A group of Nigerian protesters have stormed Nigeria's National Assembly in the capital Abuja, demanding capital punishment for those found guilty of corruption.
The organisers of the protest were part of a group known as Voice of the Voiceless, which claimed that the new government, led by former military chief Muhammadu Buhari, will not make any progress unless it tackles the widespread corruption in the country, according to the Nigerian Watch.
The group also wrote letters to the senate president Senator Bukola Saraki and the speaker of the House of Representatives Hon Yakubu Dogara.
The demonstrators said in their letter to the House, which was signed by the national coordinator of the group Oliver Ezeala: "Corruption, as we are all aware of, has eaten so deep into the fabric of this great nation and we are strongly advocating the death penalty for anybody who is found guilty of corrupt practices, no matter how highly-placed such an individual is in the society. Nigeria has tried every other measure of deterrent but to no avail.
"We want this great nation to toe the path of countries such as Indonesia, Singapore, China and other world powers who have achieved so much developmental strides as a result of their zero tolerance for corruption.
"We believe that President Muhammadu Buhari will fight this our common hydra-headed enemy to a complete standstill."
Corruption in Nigeria
Nigeria has been deemed one of the most corrupted countries in the world, with many accusing politicians of being involved in deals that benefit them rather than tackling issues affecting the population.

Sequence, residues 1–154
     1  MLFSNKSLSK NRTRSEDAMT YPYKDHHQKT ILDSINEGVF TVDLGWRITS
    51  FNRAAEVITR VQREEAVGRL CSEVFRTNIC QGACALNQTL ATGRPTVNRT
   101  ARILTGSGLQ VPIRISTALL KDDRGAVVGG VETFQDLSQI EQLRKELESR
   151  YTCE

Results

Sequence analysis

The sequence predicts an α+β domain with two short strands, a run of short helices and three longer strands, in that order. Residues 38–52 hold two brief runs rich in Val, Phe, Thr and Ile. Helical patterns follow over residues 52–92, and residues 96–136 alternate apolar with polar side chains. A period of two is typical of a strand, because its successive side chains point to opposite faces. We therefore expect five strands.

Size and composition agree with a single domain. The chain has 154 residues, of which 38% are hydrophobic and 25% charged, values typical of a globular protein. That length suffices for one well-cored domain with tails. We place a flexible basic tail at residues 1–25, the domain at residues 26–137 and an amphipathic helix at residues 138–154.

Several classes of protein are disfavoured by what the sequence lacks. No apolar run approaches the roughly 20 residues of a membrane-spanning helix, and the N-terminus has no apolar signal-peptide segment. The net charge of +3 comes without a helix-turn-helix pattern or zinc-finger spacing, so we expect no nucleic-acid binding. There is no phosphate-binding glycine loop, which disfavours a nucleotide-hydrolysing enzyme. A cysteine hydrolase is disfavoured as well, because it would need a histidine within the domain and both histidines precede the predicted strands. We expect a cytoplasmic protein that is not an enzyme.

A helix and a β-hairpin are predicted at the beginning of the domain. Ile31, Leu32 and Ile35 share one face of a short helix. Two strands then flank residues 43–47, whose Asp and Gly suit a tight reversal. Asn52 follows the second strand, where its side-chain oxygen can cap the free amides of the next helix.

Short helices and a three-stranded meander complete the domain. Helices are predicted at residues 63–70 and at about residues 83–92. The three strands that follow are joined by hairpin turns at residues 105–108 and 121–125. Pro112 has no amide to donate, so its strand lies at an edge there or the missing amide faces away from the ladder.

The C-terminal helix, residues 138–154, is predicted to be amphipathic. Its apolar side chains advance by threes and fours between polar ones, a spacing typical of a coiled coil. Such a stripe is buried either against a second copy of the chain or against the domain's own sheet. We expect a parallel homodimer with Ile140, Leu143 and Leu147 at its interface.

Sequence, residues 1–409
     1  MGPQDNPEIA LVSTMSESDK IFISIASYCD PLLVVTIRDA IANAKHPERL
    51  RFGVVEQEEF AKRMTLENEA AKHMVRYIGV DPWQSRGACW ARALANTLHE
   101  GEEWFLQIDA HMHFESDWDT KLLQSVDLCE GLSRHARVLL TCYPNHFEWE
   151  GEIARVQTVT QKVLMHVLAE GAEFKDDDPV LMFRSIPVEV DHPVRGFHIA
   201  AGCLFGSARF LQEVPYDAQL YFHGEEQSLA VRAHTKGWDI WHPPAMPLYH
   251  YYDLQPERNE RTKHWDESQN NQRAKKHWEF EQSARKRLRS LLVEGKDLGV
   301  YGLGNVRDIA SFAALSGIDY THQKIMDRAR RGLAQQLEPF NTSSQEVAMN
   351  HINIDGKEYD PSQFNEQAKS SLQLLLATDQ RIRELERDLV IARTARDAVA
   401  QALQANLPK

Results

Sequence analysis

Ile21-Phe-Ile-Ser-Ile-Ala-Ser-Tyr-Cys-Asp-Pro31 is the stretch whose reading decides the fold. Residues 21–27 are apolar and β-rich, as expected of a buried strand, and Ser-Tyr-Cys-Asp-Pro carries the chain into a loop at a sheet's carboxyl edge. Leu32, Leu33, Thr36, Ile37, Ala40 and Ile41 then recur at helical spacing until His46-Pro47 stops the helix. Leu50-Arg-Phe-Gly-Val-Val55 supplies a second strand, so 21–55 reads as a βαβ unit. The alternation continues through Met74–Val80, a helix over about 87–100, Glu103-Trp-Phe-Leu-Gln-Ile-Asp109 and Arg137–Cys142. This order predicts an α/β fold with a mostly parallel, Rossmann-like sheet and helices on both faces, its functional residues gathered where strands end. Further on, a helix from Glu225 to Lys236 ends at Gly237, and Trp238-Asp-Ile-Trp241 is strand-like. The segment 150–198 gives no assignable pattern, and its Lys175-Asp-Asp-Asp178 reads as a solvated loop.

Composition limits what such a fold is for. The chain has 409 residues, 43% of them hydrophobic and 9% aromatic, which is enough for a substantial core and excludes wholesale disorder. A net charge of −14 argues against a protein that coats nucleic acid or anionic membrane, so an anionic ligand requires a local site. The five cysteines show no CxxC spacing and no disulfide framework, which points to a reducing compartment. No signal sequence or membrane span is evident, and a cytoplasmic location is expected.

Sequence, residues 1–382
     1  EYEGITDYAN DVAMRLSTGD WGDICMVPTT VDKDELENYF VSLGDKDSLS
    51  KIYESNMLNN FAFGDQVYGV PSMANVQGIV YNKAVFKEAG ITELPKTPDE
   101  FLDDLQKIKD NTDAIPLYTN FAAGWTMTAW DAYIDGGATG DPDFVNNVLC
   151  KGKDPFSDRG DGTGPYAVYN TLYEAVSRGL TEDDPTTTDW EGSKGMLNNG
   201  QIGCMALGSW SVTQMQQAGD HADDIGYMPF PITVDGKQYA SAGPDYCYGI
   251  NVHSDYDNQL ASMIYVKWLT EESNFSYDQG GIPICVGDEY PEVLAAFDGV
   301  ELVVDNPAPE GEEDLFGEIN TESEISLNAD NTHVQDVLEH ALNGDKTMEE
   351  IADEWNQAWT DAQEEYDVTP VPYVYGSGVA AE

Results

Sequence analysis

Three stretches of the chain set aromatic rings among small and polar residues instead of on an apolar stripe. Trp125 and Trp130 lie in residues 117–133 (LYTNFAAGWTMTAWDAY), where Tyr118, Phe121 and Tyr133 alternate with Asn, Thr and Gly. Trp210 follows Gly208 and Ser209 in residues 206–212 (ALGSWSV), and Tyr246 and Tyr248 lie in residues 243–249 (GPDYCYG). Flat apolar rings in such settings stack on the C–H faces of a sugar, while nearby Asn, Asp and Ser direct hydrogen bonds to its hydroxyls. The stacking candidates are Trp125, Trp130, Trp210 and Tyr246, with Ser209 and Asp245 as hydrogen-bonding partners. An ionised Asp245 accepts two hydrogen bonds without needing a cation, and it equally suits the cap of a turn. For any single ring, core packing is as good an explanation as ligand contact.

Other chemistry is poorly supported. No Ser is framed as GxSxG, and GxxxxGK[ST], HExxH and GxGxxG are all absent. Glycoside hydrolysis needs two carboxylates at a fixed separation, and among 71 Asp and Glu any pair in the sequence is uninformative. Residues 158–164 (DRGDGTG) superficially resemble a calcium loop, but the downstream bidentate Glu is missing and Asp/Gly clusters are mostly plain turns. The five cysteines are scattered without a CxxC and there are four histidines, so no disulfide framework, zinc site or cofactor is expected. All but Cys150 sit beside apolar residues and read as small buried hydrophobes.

The country has also been marred by scandals within the oil and gas industries, as well as oil thefts which have contributed to further deepening the ongoing economic crisis.
In 2013, the head of the Nigerian Central Bank, Sanusi Lamido Sanusi, was suspended after he claimed that $20bn (£12bn) of oil revenue "went missing" from state oil company Nigerian National Petroleum Corporation.
Just a few months later an ex-Goldman Sachs banker was jailed for laundering money on behalf of Nigerian politician James Ibori.
It has also been suggested that some politicians financially supported terror group Boko Haram, which has killed thousands of people in north-eastern Nigeria since 2009.
Former president Goodluck Jonathan was accused of not stepping up the efforts to combat terrorism and address issues such as corruption, the crippled economy and the fuel crisis.
Many Nigerians see Buhari, the first president to be democratically elected since military rule and a long list of coup d'états, as the answer to tackling problems that the previous administrations failed to address.
After being elected in March, Buhari said his administration will "kill corruption". During a meeting with the Nigerian community in Johannesburg he said: "Government is determined to secure the country, manage the economy, create employment and fight corruption.
"Some articulate writers have said if we do not kill corruption, corruption will kill Nigeria. This APC administration intends to kill corruption in Nigeria. We will do our best, I assure you."
During his campaign, he also promised to promote women's empowerment and tackle youth unemployment.